The proof is in the pudding, as they say. At Yahoo, the pudding is quite murky at present, what with Jerry Yang out as CEO, a disastrous 2008 in terms of stock price and failing to be taken over by Microsoft. Yet, just in the past few weeks, as Carol Bartz took over as CEO, it's as though the dark cloud has lifted.
Truth be told, Yahoo has just as many Stanford grads and doctorate researchers on staff as Google, and has always tried to push the envelope in terms of web innovation. And it must: future technologies on the web - such as location-awareness, social networking, cluster computing and advanced web search algorithms - do not just spring to life, they must be born and bred in a research lab.
In a recent visit to the Yahoo facilities, we met with the company's top researchers and innovators, including the VP of engineering and a very smart Oxford alumnus working on mapping technologies. It was an illuminating experience, because we realized that Yahoo is not just another me-too search giant or a company that acquires start-ups like Flickr.com. Here's the most exciting projects we found...
Yahoo seeks to make more of its web properties as open as possible. Today, disparate web entities within Yahoo - such as Answers and Search - do not share data well. And Yahoo doesn't do it well with other sites, either. Y!OS intends to rectify that problem. And we're already seeing the earliest signs of this kind of interoperability with sites such as Twitterfeed.com that let you log in to the site with your Yahoo account. Neal Sample, the Vice President of Engineering, says there shouldn't be a multitude of logins while APIs should be more open (so developers can build features into Yahoo), standards like XML should be more portable, and standalone apps should be easier to create.
"Users should be able to bring other experiences into Yahoo," says Sample, who we met with at Yahoo HQ in Sunnyvale. "With Y!OS, developers could add to existing services, such as Yahoo Mail or take an existing product and expand it. We allow developers onto the network and give them the ability to augment services. By opening data and preferences, we want to platform-ize the Yahoo experience."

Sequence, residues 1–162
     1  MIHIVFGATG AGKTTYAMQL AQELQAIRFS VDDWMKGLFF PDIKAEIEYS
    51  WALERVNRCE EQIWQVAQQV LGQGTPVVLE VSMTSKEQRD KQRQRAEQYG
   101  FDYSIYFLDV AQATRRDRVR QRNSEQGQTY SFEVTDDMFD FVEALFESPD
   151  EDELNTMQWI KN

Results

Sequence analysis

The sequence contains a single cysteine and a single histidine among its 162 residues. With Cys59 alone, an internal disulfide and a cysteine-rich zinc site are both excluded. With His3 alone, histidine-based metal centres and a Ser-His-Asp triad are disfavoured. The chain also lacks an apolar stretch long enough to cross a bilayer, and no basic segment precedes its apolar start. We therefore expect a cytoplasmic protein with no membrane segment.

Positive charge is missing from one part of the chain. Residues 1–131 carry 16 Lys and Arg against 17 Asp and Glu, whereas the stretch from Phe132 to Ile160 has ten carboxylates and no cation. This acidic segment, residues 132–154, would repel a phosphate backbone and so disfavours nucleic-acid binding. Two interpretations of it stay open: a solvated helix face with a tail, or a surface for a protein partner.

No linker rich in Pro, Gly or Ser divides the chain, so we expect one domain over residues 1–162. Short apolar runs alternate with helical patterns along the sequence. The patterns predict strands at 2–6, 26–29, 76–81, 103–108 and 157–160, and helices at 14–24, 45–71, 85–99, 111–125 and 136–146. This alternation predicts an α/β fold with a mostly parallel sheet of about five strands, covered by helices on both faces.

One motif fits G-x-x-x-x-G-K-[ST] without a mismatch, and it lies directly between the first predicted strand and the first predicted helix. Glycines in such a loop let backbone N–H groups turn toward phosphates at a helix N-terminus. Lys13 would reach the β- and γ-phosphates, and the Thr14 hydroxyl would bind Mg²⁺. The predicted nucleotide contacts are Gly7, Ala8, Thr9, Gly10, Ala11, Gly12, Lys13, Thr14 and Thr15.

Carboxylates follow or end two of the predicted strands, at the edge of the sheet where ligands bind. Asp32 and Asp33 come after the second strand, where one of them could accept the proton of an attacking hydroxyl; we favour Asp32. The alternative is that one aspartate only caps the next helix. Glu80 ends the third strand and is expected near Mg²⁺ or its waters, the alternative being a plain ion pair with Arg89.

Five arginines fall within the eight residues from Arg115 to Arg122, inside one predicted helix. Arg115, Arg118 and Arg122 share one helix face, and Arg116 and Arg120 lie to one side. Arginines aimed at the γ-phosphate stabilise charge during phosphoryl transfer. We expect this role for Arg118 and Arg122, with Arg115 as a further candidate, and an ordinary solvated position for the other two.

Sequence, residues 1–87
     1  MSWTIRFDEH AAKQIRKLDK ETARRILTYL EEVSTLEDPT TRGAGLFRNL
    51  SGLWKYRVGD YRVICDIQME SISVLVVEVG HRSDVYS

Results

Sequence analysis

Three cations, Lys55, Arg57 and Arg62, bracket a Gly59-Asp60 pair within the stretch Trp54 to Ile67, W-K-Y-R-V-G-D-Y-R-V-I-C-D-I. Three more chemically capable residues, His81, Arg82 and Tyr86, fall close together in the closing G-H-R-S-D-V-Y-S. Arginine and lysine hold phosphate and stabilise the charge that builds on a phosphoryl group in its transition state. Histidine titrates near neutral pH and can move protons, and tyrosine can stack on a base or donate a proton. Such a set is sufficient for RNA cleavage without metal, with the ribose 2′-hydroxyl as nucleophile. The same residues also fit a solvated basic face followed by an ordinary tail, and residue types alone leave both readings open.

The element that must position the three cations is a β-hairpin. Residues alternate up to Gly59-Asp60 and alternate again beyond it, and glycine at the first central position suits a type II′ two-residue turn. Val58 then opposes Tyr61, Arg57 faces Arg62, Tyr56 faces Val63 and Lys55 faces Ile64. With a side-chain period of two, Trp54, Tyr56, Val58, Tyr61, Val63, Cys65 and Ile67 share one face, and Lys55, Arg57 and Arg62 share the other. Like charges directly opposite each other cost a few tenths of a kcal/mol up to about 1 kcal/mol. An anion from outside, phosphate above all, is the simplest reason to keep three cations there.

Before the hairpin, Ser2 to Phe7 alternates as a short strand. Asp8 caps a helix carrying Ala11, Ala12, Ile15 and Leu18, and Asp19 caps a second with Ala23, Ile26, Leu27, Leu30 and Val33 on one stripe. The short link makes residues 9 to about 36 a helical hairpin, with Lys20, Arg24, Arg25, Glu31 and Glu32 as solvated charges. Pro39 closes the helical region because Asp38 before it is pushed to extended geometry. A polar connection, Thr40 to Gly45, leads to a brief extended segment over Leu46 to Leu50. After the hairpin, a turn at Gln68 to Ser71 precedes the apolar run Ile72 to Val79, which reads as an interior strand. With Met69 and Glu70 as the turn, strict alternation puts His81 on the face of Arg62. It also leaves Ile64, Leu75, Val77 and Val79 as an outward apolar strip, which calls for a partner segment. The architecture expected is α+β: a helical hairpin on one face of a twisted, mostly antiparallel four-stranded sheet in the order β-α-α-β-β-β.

If this all sounds familiar to you, it's because operating systems went through the same phase early on – unifying platforms and data models, making tools more widely available, and encouraging application development. Will it lead to a Yahoo web OS someday? Sample would not make any specific predictions, but did agree that web standards such as OpenID are paving the way for a web OS.
Yahoo has a keen interest in cluster computing, which uses commodity hardware to handle the most difficult and complex computing tasks. The goal of the Hadoop project is to mask the complexity of the hardware but to allow parallel processing tasks to run quickly and efficiently.
"We enable people to explore problems they could not address in the past, and to innovate with data," says Ajay Anand, part of the Yahoo Grid Computing initiative. "Yahoo Search was one of the first projects that benefited from this scalable structure. The intent is to do this processing as fast as possible and as cheaply as possible. With thousands of machines, something will break almost every single day" which is why the Hadoop project tends to focus on a scalable infrastructure.
In September of last year, Hadoop was scaled up to 4,000 nodes, each powered by two quad-core Intel Xeon processors running at 2.5GHz, 4x1TB SATA disks and 8G RAM.